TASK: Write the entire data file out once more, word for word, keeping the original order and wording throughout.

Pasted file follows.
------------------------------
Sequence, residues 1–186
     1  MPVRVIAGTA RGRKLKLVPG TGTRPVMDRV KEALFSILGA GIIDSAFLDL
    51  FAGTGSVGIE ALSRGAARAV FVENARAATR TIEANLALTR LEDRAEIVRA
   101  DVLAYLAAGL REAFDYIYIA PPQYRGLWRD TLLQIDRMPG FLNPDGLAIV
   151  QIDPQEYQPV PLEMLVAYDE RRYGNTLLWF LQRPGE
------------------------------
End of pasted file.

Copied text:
Sequence, residues 1–186
     1  MPVRVIAGTA RGRKLKLVPG TGTRPVMDRV KEALFSILGA GIIDSAFLDL
    51  FAGTGSVGIE ALSRGAARAV FVENARAATR TIEANLALTR LEDRAEIVRA
   101  DVLAYLAAGL REAFDYIYIA PPQYRGLWRD TLLQIDRMPG FLNPDGLAIV
   151  QIDPQEYQPV PLEMLVAYDE RRYGNTLLWF LQRPGE